Deflation Risk in Europe and the United States
December 9, 2013
The United States and Europe are at risk of deflation, says John Malkin, a resident scholar at the American Enterprise Institute.
Quantitative easing sparked widespread fears of inflation, and the focus on the potential for hyperinflation led many to fail to notice a drift toward deflation.
Europe is heading quickest toward deflation.
- In 2011, Europe's overall inflation rate was 3 percent year over year. By the end of 2012, it had fallen to 2 percent. In October, the euro area inflation rate dropped from a 1.1 percent pace in September to 0.7 percent.
- If this pace keeps up, Europe could be in full deflation next spring. Bulgaria, Greece and Latvia have already seen outright deflation. Even Germany, the best performing European nation, saw a drop in its inflation rate from 1.6 percent year-over-year in September to 1.3 percent in October.
- Disinflation (a period of falling inflation) has accelerated due to the European Central Bank's tight monetary policy and Europe's austerity measures. To halt deflation (negative inflation), Europe would need to increase quantitative easing, tax cuts or spending growth. This seems unlikely, as Europe is reducing its deficit, cutting spending, and instituting higher taxes.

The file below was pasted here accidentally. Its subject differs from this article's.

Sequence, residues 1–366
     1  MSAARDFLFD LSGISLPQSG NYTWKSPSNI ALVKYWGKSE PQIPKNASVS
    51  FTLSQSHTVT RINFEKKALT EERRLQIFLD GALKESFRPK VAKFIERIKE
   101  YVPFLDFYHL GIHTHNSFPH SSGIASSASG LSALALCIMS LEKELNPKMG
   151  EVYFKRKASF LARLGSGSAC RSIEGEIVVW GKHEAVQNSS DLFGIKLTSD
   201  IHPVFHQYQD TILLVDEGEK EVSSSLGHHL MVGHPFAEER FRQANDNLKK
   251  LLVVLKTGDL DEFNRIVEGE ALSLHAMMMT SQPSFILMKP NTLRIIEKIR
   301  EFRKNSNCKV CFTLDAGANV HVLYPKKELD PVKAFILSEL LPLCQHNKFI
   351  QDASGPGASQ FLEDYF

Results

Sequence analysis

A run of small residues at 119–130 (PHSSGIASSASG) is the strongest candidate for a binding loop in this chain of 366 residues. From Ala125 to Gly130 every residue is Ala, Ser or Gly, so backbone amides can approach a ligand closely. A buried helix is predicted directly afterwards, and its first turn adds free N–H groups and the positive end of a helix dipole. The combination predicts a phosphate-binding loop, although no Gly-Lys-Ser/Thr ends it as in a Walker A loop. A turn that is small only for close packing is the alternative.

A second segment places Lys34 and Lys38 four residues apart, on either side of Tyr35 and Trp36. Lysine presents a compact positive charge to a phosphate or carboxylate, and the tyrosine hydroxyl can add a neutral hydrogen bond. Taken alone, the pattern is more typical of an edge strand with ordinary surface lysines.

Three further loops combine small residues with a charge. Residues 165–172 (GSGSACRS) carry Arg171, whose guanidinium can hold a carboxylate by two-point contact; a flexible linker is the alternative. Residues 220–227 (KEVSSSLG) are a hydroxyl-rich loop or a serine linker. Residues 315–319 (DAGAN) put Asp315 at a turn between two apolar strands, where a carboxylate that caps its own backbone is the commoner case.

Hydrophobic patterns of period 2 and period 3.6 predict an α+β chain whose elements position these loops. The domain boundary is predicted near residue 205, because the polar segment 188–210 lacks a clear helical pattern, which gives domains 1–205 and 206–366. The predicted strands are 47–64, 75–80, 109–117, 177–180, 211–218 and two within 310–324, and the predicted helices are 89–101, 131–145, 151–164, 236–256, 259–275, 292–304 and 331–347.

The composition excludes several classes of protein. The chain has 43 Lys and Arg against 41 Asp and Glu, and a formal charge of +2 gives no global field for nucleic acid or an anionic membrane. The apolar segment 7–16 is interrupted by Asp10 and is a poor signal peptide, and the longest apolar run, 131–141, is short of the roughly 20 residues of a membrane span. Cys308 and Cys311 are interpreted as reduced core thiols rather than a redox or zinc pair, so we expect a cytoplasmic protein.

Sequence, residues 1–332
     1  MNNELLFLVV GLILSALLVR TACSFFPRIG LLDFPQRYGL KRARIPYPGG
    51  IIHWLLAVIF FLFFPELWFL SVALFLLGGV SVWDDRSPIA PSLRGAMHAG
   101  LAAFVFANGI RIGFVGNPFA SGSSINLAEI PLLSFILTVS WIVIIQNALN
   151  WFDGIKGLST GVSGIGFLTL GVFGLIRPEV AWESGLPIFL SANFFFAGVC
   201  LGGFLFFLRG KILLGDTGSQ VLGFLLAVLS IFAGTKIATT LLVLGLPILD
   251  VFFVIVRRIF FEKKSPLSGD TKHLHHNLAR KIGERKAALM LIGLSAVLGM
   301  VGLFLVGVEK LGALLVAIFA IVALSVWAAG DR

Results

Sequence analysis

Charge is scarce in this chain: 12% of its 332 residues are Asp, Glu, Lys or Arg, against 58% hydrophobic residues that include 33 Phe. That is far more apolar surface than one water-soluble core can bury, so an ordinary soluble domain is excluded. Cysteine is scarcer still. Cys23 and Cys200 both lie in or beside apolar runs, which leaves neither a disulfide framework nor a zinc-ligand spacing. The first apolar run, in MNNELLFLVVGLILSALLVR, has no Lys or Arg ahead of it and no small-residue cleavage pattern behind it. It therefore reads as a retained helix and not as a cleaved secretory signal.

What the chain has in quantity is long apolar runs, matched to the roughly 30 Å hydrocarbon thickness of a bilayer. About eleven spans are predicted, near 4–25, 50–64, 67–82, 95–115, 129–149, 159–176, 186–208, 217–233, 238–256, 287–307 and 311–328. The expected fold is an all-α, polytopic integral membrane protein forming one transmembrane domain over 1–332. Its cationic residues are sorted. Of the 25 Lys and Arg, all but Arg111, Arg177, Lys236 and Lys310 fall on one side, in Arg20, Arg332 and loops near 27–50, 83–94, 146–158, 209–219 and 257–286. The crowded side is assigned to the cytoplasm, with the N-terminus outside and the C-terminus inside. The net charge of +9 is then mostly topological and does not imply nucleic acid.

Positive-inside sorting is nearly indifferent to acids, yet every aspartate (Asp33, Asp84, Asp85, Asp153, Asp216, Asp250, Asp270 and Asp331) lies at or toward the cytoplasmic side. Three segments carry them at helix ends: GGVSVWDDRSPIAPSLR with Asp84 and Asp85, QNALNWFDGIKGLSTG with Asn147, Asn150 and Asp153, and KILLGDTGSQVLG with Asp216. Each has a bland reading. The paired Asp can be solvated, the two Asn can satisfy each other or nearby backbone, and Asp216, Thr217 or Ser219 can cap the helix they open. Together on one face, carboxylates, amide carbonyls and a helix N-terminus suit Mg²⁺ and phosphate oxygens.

Central banks should stop worrying about asset bubbles and future inflation and instead focus on the potential for deflation. Both the Federal Reserve and the European Central Bank should look for a balance between quantitative easing and tightening their monetary policy.
Source: John H. Malkin, "Central Banks Need a New Plan for 2014," American Enterprise Institute, November 21, 2013.
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